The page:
Infoscience

Thesis

Chemosensors Based on Metal-Dye Complexes for Bioanalytes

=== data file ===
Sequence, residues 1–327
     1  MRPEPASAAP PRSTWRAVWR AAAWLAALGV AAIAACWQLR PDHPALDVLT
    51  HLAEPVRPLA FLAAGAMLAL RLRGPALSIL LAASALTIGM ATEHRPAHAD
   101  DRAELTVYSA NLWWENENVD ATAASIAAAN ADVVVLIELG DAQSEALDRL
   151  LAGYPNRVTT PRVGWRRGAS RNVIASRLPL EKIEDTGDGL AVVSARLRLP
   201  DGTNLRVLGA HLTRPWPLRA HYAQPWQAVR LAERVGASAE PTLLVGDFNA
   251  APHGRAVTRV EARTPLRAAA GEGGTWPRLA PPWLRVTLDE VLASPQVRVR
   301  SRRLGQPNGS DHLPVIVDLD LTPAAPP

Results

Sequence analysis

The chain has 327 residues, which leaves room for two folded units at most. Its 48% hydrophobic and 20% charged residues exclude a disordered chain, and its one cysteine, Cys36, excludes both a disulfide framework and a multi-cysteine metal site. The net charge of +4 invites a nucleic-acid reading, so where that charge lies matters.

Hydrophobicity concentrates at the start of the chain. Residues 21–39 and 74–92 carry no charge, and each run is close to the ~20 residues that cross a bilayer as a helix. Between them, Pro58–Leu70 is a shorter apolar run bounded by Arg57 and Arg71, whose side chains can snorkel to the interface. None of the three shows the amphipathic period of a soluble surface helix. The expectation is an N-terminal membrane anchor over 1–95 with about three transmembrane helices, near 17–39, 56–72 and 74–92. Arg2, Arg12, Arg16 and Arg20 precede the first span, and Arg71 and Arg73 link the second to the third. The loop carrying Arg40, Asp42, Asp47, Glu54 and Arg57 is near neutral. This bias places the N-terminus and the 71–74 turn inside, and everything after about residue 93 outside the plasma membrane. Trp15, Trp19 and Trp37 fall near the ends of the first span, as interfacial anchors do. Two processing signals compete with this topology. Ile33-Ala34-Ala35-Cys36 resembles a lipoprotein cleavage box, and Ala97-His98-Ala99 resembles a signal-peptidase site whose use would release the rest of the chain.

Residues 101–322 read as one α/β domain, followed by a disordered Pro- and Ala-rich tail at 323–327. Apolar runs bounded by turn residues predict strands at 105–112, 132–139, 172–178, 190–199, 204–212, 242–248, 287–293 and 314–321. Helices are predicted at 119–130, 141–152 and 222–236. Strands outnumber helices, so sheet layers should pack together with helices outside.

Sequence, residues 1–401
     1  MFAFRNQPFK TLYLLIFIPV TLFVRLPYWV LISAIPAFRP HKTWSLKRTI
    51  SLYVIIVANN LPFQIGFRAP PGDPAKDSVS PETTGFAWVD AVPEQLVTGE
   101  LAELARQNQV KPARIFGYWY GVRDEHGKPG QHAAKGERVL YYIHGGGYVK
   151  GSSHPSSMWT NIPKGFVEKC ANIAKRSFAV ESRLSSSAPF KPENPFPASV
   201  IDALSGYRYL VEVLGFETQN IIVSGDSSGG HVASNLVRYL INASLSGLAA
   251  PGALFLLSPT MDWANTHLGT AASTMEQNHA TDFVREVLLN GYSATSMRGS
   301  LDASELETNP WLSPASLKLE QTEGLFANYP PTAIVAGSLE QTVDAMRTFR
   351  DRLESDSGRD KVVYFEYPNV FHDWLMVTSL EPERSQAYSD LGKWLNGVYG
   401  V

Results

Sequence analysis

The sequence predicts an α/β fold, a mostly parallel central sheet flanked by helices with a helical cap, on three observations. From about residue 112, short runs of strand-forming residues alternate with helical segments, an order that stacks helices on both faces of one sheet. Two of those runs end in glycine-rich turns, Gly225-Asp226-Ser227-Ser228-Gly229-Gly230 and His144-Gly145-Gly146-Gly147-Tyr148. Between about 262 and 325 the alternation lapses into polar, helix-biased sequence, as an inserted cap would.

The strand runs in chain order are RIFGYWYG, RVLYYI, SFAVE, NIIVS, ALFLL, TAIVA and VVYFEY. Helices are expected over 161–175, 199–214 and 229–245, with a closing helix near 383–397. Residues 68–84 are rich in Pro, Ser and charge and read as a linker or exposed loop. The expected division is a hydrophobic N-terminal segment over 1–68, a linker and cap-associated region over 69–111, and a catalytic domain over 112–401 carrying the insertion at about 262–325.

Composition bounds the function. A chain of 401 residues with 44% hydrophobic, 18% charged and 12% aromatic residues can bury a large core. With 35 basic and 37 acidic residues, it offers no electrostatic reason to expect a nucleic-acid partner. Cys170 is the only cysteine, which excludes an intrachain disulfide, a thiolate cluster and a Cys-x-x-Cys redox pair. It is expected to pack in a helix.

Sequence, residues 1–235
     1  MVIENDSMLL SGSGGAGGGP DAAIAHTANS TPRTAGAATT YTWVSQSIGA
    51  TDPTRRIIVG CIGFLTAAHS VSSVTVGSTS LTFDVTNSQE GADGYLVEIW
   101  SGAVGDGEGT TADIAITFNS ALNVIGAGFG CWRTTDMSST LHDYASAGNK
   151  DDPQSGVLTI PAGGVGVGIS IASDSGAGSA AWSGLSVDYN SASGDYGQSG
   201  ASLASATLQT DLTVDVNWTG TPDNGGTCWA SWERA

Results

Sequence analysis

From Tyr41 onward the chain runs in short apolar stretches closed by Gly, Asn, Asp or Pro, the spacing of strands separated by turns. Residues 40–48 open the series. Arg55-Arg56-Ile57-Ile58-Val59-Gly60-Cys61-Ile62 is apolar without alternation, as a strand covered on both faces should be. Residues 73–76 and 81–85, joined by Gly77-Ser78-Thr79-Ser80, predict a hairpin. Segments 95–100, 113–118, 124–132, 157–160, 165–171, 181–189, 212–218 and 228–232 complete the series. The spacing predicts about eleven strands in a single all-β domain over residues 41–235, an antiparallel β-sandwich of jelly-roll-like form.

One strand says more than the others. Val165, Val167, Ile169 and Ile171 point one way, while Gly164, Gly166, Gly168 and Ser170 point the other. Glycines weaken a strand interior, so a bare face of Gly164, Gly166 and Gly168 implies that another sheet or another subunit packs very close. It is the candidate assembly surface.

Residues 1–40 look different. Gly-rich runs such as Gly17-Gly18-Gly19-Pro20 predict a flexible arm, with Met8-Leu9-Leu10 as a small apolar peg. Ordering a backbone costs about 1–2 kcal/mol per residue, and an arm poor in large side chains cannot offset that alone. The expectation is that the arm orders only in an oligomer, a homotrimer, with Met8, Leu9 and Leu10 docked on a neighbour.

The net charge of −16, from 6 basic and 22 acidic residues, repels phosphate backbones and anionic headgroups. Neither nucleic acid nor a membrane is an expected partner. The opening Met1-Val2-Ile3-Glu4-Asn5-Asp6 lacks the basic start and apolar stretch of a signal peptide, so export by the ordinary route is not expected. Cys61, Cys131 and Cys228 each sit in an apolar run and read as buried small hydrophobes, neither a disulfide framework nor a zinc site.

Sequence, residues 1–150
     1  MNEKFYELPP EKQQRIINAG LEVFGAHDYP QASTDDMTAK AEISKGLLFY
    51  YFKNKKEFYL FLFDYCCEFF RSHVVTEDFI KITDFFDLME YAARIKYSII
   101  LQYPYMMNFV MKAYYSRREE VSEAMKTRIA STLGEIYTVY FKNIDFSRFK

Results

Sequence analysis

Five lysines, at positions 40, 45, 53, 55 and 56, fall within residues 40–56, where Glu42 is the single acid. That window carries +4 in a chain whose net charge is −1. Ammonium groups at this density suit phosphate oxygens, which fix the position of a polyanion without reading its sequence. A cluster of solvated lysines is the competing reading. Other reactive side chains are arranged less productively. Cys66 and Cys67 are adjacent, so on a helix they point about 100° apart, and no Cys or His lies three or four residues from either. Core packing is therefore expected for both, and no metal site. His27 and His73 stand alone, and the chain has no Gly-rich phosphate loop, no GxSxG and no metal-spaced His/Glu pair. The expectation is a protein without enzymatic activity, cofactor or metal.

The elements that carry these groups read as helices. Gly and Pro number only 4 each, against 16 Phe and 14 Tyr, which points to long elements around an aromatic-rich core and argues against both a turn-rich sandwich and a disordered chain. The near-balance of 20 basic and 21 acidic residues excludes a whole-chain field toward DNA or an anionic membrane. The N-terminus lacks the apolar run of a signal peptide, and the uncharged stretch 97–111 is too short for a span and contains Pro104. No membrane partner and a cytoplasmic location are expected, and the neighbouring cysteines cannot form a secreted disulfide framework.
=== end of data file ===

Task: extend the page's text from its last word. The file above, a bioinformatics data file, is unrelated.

Multicomponent chemosensors were prepared by mixing the rhodium(III) complex [(η5-C5Me5)RhCl 2]2, nickel(II) chloride and/or copper(II) chloride with commercially available dyes in buffered aqueous solution. The sensors were used to detect various biomolecules, which interact with the components of the sensing ensemble and alter the composition, and hence the color of the sample. The sensors were analyzed by UV/Vis spectroscopy. A mixture of [(η5-C5Me5)RhCl 2]2, three dyes and pyrophosphate was employed to determine in retrospect the time at which the target molecules ADP and ATP were added to the sensing ensemble. An artificial neural network was used to correlate absorbance data with analyte addition times. Dynamic combinatorial libraries of metal-dye complexes prepared from NiCl2, CuCl2 and three dyes were used to distinguish between mixtures of the peptide hormones angiotensin I and angiotensin II. The discriminative power of the sensor was increased by analyzing samples in a time-resolved fashion. Nine primary amines were identified in a sensing ensemble, where amines were first combined with pyridine-2-aldehyde in the presence of NiCl2 or CuCl2, in order to obtain metal-stabilized imine mixtures. A colorimetric output was generated by adding a dye. In an approach to sense conventional sugars in an indicator displacement assay, sugars were transformed in situ into sugar imines prior to the sensing experiment.

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